To get going with Processing on Raspberry Pi, there’s a one-line install command. You can also go to Processing.org and download pre-built Raspbian images with Processing already installed. To help you on your journey, there’s a resource for getting started with Processing. It includes a walkthrough on how to access the GPIO pins to combine physical computing and visual arts.
When you launch Processing, you will see a blank file where you can start keying in your code. Don’t let that intimidate you! All of the world’s greatest pieces of art started off as a raw slab of marble, a blob of clay, or a blank canvas. It just takes one line of code at a time to generate your own masterpiece.
Become a supporter
After this article appeared in The MagPi, the Processing Foundation put out a call for support:
We want you to be a part of this. Our work is almost entirely supported by individual one-time donations from the community. Right now we are outspending what we earn, and we have bigger plans! We want to continue all the work we’re doing and make it more accessible, more inclusive, and more responsive to the community needs.
To create lasting support for these new directions we’re starting a Membership Program. A membership is an annual donation that supports all this work and signifies your belief in it. You can do this as an individual, a studio, an educational institution, or a corporate partner. We will list your name on our members page along with all the others that help make this mission possible.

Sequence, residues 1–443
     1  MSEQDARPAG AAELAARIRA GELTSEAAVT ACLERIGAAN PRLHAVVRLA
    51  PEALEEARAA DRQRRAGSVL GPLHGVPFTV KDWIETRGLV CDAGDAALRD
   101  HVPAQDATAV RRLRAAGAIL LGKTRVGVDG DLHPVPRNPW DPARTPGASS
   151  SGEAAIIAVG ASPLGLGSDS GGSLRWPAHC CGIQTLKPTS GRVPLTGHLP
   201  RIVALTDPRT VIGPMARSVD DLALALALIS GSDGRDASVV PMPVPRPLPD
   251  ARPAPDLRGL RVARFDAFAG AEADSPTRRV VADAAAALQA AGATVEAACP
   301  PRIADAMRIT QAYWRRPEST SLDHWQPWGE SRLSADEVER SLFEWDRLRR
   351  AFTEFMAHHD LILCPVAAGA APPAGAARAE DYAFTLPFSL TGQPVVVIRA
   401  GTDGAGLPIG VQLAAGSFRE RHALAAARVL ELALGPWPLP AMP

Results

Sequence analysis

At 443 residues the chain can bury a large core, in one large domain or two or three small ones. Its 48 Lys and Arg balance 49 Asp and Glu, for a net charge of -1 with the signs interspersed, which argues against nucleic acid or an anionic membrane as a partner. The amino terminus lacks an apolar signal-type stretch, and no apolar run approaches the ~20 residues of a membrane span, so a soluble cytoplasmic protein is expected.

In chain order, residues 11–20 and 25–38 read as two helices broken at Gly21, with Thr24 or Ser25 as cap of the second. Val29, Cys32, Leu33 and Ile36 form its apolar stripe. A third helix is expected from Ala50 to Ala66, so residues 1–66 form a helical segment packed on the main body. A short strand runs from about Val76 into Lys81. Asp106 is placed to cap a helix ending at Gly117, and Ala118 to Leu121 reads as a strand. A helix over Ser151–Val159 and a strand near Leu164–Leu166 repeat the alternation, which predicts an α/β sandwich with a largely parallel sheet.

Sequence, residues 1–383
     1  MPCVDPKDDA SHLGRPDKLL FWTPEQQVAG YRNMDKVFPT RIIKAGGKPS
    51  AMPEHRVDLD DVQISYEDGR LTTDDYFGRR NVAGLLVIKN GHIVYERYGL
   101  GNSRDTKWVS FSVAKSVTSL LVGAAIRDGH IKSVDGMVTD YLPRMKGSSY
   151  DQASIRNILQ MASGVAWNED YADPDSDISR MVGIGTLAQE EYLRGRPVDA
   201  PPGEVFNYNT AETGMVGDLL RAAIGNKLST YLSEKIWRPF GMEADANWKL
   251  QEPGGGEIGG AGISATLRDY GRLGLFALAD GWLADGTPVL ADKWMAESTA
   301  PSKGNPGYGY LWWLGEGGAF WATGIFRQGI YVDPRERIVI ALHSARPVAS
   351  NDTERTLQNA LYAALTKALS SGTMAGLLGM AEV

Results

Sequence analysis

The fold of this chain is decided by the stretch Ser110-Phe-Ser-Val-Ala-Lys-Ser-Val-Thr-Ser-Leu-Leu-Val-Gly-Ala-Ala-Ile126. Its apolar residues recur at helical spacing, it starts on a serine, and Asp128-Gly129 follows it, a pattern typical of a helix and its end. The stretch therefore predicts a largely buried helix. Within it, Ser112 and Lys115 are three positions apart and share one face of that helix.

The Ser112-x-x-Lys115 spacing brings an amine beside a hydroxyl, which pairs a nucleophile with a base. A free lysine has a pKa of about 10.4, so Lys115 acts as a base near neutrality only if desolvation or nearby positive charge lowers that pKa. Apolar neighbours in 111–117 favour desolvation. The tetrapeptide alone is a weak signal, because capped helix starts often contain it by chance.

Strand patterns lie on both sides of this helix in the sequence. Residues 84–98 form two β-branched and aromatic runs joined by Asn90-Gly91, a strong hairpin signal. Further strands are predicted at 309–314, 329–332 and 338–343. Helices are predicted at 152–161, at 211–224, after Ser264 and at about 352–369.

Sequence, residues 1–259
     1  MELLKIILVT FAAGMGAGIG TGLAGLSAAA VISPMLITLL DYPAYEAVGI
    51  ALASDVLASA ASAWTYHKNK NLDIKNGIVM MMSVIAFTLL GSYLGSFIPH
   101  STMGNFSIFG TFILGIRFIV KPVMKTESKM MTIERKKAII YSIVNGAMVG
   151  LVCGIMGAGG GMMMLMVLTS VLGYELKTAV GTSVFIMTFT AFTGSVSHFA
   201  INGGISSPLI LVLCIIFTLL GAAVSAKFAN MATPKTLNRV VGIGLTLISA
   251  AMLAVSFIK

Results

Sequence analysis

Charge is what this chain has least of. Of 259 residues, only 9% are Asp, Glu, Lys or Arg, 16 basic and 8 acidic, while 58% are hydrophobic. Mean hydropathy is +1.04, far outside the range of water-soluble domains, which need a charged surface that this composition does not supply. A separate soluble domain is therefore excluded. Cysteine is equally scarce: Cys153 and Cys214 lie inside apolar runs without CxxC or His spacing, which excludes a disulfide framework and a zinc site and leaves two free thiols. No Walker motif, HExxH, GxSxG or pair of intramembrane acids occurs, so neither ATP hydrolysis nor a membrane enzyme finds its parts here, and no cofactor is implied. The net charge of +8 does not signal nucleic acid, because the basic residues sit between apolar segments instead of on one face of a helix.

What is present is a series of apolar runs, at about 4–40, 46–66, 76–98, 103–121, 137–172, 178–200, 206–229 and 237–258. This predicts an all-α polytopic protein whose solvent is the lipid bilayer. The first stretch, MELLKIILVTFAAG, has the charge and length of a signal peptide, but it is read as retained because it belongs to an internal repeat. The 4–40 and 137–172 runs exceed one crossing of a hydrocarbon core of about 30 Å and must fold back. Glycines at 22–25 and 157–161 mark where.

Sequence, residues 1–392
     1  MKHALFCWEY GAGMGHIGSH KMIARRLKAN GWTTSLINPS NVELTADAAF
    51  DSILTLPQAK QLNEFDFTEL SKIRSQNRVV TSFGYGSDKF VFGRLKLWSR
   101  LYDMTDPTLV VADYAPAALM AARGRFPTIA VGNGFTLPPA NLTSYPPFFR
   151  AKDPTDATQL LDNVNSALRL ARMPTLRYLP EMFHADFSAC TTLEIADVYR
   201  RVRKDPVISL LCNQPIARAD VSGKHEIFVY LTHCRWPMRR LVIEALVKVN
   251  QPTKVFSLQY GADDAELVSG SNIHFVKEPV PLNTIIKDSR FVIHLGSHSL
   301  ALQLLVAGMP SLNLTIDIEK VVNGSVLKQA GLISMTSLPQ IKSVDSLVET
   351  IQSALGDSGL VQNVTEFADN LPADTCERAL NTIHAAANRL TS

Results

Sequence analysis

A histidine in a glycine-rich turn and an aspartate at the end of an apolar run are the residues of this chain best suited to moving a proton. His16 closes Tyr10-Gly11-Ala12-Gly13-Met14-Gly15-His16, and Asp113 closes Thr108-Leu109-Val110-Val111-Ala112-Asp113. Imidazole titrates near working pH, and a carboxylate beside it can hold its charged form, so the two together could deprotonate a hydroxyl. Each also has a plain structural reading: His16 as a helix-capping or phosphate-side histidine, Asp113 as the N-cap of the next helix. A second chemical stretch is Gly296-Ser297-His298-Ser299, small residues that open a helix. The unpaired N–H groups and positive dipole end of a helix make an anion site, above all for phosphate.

Processing is a fun environment, it’s easy enough for relative newcomers to programming to hop in and start learning and you can do a lot in just a few lines of code. From the software point of view it’s community is similar to the Raspberry Pi & Arduino ones (there is a lot that will be familiar to people who have played with the Arduino in the IDE due to a shared history).
If you want a crash course in this cross over area I can’t recommend the Future Learn course https://www.futurelearn.com/courses/creative-coding highly enough (especially if you’ve done their Raspberry Pi course).
I didn´t know this website! I’ve just joined It seems great! Thank you!
Gregory J Matthews
I had an idea for an art project and I thought raspberry pi would be useful. And then I come to the page and this is on the front page? Must be a sign.
Would it be possible to get in touch with the author of this article? I’m @statsinthewild on Twitter.
Matt gave a talk at the Raspberry Pi Birthday Event 2017 about using Processing, and if you want to see it, I recorded it and it’s online at https://www.youtube.com/watch?v=JG8rMDC8nAM&index=14&list=PL7hyZZT342t9TTjdWenohaCGjx_9pr8OY
I think this programming language is quite good. It’s friendly and simple to use. The UI and design is also good. Plus it’s based on java.
And the next issue of the MagPi, I have a project that uses Processing. Also look in Mike’s Pi Bakery in the MagPi 49 for my first project:- Olympic Ribbons.
This Program language is too good to use. I’ve followed many YouTube channels for creating cartoons with code which also give me new experiences.